DENVER (KDVR) — The Environmental Protection Agency has reached a settlement with a company that owns several Weld County natural gas processing plants, all of which have allegedly been contributing to ground-level ozone pollution in areas that currently fail to meet national air quality standards.

According to the EPA, DCP Operating Company LP and five other subsidiaries of DCP Midstream LP have been ordered to pay $3.25 million in civil penalties for alleged excessive emissions of volatile organic compounds. The EPA said the companies “violated leak detection and repair requirements in federal and state clean air laws.”

“Leaks from equipment like valves, pumps, and connectors are a significant source of harmful air pollutants,” said Todd Kim, assistant attorney general for the Justice Department’s Environment and Natural Resources Division. “Enforcement actions like this are critical to improving air quality, particularly in places facing air quality challenges like Weld County.” 

The EPA announced the settlement on Monday. The plants involved in the settlement are located within the Denver Metro/North Front Range Ozone Nonattainment Area.

The facilities that are the target of this settlement are the eight natural gas processing plants in Weld County that DCP Operating Company LP and its subsidiaries oversee.

The company has also agreed to corrective action at the facilities. Repairs are expected to cost $1.15 million and will reduce VOC emissions by 26 tons. Methane emissions are also expected to drop by 375 tons annually as a result of these upgrades.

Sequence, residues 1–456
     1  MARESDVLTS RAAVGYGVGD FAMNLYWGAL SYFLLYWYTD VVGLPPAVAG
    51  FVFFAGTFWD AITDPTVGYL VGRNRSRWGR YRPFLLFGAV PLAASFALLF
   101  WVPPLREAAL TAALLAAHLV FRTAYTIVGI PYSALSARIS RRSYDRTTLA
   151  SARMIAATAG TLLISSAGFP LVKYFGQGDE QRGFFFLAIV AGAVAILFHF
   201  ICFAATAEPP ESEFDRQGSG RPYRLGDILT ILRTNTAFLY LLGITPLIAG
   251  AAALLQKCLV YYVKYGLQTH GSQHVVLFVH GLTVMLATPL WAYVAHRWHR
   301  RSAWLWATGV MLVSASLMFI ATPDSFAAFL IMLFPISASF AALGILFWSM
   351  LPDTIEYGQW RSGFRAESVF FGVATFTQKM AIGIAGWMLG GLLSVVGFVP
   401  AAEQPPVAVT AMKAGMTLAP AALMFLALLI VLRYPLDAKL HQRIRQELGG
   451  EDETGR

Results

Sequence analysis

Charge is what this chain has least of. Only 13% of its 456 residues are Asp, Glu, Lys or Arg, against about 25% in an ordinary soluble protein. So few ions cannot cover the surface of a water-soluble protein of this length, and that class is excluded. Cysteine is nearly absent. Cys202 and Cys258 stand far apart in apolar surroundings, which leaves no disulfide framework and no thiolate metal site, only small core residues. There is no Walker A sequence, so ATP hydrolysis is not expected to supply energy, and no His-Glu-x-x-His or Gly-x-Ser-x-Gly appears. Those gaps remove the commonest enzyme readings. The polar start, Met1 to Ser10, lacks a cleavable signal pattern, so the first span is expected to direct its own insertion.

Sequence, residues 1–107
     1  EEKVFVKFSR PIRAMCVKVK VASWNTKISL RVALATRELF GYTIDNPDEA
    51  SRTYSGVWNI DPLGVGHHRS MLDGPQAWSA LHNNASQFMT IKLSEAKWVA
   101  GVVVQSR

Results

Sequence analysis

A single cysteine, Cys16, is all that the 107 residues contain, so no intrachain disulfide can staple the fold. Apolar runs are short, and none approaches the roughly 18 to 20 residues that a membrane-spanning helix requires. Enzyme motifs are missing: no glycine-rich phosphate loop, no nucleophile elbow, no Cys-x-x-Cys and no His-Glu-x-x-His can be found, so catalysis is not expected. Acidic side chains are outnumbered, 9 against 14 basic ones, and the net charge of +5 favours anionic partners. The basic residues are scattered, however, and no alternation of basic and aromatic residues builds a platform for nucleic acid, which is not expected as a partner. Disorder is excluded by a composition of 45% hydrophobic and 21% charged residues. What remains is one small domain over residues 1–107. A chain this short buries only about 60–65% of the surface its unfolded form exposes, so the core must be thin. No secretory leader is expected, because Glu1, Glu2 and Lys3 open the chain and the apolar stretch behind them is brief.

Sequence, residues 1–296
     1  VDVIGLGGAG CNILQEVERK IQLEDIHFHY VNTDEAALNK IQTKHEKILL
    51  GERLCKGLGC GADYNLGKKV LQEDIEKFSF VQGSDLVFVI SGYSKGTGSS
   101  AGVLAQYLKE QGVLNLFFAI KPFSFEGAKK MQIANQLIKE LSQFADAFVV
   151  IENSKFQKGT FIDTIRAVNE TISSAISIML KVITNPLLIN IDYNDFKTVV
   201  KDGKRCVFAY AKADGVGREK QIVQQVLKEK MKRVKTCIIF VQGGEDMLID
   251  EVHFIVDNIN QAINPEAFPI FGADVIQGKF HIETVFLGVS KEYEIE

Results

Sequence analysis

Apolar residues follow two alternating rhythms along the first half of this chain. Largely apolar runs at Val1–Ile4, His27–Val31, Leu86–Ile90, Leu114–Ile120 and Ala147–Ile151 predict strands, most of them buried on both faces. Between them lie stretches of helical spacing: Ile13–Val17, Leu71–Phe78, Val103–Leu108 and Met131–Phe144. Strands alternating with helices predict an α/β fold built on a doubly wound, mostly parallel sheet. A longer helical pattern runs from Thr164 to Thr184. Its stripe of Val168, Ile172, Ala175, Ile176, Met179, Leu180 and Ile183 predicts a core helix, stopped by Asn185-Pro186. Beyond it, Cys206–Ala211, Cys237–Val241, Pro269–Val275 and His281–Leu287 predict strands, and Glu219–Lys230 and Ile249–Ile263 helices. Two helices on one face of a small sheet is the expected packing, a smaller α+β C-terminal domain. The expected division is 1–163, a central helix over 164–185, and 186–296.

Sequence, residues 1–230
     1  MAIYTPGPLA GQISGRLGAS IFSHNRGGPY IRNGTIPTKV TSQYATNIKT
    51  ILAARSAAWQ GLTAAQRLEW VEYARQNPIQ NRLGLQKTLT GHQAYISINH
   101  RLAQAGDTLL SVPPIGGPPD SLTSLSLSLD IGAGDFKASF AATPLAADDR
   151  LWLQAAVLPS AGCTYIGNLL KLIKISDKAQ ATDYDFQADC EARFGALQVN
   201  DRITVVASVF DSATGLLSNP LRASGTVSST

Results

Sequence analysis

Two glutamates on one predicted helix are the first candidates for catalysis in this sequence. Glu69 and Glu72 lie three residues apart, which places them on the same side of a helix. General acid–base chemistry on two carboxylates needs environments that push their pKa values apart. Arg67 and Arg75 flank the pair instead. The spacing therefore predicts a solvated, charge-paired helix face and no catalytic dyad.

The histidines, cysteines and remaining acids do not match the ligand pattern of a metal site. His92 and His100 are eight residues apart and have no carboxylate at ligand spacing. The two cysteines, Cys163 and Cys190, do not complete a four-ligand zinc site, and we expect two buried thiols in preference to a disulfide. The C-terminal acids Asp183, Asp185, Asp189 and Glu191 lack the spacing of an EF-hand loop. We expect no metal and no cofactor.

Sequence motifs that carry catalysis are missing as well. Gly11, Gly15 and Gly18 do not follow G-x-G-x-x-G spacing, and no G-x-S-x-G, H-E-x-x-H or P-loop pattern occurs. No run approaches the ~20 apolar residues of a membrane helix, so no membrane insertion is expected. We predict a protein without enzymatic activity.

According to the settlement, DCP has to improve leak detection and repair practices at the following processing plants:

  • Greeley
  • Kersey/Mewbourne
  • Platteville
  • Roggen
  • Spindle
  • O’Connor
  • Lucerne
  • The yet-to-be-constructed Bighorn natural gas processing plant

Additionally, the settlement calls for DCP to install equipment that is known to leak less pollution than the equipment the company has been using. Optical gas imaging technology will also be installed since it can help expedite both the locating and fixing of leaks. DCP staff must also be trained in detecting and repairing these kinds of leaks, according to the settlement.

A dry seal compression system will also be installed on two turbines at the Kersey/Mewbourne plant.

“This settlement serves as a model for addressing complex issues through collaboration between our state agencies and federal counterparts like EPA and the Department of Justice,” Colorado Attorney General Phil Weiser said.

Once the United States publishes notice of the consent decree in the Federal Register, the public will have 30 days to submit comments. The Federal Register will reveal the information on how to submit public comments once the notice has been published.